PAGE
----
Teen Drinking: How you can Help Your Student Deal with Peer Pressure

Teen Drinking: How you can Help Your Student Deal with Peer Pressure
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Of course you will have the ‘talk’ with you teens about drinking, but they will all be faced with the temptation sooner or later. Statistics tell us that most teens will succumb to the peer pressure and have a drink or two or three. In addition to discussing drinking with your students and the consequences of alcohol, it’s important to prepare them for what they should do if they or their friends are drunk.

Drinking and Driving

One of the greatest dangers for teens is that they will either drive when drunk or get into a car with a drunk driver. Maggie van Zyl has an innovative way of dealing with these situations: “I’ve told all three my teens that they can call me any time of the day or night to fetch them and their friends if they are drunk and can’t get a lift home. This comes with a ‘no questions/no punishment’ clause. They have all taken advantage of it at some time or another, but not as much as you would think. As a parent, it’s so tough to let this slide without a comment, but I really would rather have them home safe and sound than feel like they should take the risk of driving drunk to stay out of trouble.”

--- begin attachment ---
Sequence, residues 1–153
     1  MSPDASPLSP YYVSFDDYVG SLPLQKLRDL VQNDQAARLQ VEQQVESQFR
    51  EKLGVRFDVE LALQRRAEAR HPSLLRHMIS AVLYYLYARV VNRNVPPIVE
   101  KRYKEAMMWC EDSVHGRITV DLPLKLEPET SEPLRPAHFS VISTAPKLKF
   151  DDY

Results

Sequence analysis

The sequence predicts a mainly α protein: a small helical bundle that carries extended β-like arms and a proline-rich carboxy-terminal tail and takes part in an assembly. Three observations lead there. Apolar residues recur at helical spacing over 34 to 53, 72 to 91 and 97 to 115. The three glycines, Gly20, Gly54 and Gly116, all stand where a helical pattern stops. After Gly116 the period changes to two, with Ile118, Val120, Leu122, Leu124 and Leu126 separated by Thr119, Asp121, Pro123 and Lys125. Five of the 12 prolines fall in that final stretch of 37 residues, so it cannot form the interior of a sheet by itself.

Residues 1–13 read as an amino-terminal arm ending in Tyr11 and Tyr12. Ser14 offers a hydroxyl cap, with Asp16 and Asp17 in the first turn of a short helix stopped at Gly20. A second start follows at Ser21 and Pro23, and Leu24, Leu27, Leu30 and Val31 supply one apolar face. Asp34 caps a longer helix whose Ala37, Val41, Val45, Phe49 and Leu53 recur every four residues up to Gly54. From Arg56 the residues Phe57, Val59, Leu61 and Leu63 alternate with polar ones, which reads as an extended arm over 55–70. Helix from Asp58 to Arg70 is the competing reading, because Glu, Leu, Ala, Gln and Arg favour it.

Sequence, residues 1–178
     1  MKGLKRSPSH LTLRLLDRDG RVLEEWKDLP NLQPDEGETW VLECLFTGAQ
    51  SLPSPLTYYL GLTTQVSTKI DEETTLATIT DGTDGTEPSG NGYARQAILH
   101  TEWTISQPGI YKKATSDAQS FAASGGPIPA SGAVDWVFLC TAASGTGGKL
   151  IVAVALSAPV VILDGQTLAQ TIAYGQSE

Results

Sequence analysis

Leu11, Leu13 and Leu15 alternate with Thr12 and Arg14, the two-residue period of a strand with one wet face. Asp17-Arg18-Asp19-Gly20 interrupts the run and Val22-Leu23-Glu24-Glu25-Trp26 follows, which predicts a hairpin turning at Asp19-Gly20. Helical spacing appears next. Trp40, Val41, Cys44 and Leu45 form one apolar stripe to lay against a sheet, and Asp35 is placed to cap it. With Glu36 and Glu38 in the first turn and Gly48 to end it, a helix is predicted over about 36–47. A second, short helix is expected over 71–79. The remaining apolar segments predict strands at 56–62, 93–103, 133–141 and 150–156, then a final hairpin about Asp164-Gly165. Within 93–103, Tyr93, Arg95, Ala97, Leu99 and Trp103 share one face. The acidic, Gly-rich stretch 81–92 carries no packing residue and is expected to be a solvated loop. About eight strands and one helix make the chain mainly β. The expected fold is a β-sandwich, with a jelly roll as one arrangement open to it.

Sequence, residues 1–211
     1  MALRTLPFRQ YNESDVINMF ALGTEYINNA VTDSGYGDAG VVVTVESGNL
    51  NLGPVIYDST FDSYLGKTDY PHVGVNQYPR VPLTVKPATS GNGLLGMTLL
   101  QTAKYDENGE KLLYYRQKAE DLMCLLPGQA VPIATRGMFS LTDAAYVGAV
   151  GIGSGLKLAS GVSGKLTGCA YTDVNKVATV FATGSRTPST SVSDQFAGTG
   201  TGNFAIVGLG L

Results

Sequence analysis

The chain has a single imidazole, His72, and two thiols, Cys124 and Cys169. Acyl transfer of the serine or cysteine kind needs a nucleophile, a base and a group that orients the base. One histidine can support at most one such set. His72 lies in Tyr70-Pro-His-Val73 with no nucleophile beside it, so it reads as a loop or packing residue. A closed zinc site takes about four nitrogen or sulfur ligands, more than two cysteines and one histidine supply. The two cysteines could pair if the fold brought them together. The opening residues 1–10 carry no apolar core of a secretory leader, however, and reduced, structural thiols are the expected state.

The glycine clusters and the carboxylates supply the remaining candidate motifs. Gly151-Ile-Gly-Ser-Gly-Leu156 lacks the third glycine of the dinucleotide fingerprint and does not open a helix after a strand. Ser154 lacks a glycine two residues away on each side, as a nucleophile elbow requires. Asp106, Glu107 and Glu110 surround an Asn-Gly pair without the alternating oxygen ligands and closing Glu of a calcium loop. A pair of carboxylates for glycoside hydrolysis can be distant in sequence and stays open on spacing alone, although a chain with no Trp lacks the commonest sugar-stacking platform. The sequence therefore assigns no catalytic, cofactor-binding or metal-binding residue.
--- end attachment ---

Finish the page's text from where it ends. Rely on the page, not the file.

Coping Strategies

Role-play situations in which teens may find themselves so that you can discuss what they should do in these situations. When teen Chantelle found herself at a party where everyone was drinking, she followed her dad’s advice; “My dad always told me to have a drink in my hand. He was right that my friends would never suspect that it had been the same drink the whole night. I opened a beer when I got to the party and, since I’m not crazy about beer, I managed to make it last the whole night. None of my friends realized, but I didn’t have to explain myself either.”

As a parent, you should also be aware of the potential for drinking. Scope out situations in which you think drinking might take place and then ask your teen to call you regularly though the night to gauge their sobriety. You can also have a ‘safe’ word which your teen can drop in a conversation so you know its time to pick them up. Its ok to be the ‘bad guy’ with their friends if they can save face. Saying that their mom is coming to pick them up is a lot easier than explaining that they don’t want to be a part of the party.

The teen years are tough for you and your students. The best way to avoid a potential problem with drinking is to talk about the subject. Help your teen to pre-empt situations so that they will know how to deal with them. Make sure that your teen feel safe talking to you and that they know that when they make a mistake, you will be there to help. Put safety above everything else.

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